Friday, December 13, 2013

Last Chance Knit & Stitch: My Review

About the Book:
Molly Canaday wishes she could repair her life as easily as she fixes cars. She was all set to open her own body shop in Last Chance when her mother ran off and left her to manage the family yarn shop instead. Now guided by the unsolicited-though well-intended-advice of the weekly knitting club, Molly works to untangle this mess. But her plan unravels when the new landlord turns out to be difficult-as well as tall, dark, and handsome.

Simon Wolfe returns to quickly settle his father's estate and then leave Last Chance for good. Still wounded by a broken heart, Simon is surprised when the town's charming streets and gentle spirit bring back good memories. Soon the beautiful, strong-willed Molly sparks a powerful attraction that tempts him to break his iron-clad no-commitment rule. Can Simon and Molly find a way to share work space-and build a future together in Last Chance?

My Comments:
I've been reading this series from the beginning and always enjoy my visits to this small Southern town.  Like many series books this one includes a lot of characters who have little involvement in the story but who add to the homey atmosphere.  Ms. Miriam is still playing matchmaker.  

Molly and Simon both grew up in Last Chance.  Molly was the daughter of the revered football coach; Simon's dad owned the car dealership.  Both are talented and working in fields they love.  Both know they are not what their parents want them to be.  Both need to learn some self-love before they are ready to give love to others.  While they are the main couple in the book, Molly's friend Les also finds love; not Molly as everyone in town expects but with an older woman.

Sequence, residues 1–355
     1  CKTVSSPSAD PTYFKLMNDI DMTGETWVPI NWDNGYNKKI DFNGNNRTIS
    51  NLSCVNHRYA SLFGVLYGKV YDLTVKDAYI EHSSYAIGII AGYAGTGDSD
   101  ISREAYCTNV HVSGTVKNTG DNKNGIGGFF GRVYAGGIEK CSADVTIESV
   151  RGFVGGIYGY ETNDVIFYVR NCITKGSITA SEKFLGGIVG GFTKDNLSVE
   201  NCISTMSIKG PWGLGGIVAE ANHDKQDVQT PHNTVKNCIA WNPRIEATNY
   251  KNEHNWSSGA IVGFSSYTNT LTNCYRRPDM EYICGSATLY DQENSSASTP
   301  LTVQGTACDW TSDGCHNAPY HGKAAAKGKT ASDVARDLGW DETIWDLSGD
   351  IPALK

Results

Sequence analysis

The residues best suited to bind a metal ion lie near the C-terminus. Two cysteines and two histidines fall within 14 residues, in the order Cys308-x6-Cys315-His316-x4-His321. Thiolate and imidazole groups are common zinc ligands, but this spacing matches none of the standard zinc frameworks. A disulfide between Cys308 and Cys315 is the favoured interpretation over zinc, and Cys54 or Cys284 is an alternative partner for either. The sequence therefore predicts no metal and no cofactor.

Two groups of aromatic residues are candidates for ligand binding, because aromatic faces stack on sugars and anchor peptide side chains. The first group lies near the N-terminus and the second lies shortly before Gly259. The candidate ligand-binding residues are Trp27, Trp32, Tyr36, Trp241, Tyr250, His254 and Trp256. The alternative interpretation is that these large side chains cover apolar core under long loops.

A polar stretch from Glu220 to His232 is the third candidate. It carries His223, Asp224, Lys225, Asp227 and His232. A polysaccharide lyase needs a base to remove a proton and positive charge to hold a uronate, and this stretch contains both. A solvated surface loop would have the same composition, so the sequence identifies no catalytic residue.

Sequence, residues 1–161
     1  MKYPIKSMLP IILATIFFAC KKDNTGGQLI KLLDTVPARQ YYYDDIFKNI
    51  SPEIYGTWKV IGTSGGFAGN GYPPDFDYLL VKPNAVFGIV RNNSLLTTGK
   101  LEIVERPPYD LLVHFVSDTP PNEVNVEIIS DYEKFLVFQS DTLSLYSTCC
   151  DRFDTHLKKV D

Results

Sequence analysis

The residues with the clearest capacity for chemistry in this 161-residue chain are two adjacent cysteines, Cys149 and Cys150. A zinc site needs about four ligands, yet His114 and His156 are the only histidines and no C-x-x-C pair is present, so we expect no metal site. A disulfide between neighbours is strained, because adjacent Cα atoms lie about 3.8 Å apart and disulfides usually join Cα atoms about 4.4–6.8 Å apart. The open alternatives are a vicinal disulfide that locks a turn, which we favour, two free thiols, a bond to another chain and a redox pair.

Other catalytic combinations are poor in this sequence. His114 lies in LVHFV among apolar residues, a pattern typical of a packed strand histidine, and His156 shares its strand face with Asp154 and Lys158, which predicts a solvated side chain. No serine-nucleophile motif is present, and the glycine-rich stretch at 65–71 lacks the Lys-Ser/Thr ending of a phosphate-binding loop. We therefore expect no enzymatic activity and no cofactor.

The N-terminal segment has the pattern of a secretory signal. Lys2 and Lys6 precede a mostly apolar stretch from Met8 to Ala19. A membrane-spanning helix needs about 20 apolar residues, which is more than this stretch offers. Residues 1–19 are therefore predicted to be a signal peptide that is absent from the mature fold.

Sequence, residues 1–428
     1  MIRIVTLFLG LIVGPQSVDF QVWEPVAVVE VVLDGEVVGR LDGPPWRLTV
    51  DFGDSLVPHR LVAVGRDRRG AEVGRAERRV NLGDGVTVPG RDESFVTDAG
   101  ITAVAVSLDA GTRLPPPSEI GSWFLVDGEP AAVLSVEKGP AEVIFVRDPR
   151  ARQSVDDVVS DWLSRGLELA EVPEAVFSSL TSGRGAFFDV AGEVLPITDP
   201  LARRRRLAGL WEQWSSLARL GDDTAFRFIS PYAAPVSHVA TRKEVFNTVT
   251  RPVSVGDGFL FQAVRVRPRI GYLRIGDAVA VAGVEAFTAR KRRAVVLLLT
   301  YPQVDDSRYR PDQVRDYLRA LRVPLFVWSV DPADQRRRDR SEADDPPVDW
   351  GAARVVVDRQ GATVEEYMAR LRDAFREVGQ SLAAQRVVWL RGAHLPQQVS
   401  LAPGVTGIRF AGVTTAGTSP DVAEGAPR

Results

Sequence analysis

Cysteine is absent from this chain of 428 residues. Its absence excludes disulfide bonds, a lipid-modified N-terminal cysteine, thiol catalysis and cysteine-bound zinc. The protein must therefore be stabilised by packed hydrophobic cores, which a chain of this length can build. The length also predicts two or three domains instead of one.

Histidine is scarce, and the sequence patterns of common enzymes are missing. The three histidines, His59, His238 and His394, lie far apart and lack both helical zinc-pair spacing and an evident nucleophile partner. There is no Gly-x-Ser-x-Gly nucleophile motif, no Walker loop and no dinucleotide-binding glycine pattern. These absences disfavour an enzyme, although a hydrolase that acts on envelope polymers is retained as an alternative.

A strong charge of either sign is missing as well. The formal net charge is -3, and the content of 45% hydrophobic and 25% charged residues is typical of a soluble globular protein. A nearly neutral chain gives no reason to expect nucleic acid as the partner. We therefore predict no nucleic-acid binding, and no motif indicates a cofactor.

While this book can by no means be considered a serious read it does deal with serious topics including how our marriages affect our children, how parents need to allow children to chart their own courses in life and how spouses need to pay attention to each other's needs and desires (and I'm not just talking about bedroom desires). Hope Ramsay's "take-away" idea in this book is that we tend to have more regrets about the things we did not do than the things we did.  

While definitely not a chaste book, it is not terribly graphic either.

I'd like to thank the publisher for making a review copy available via NetGalley.  Grade:  B+

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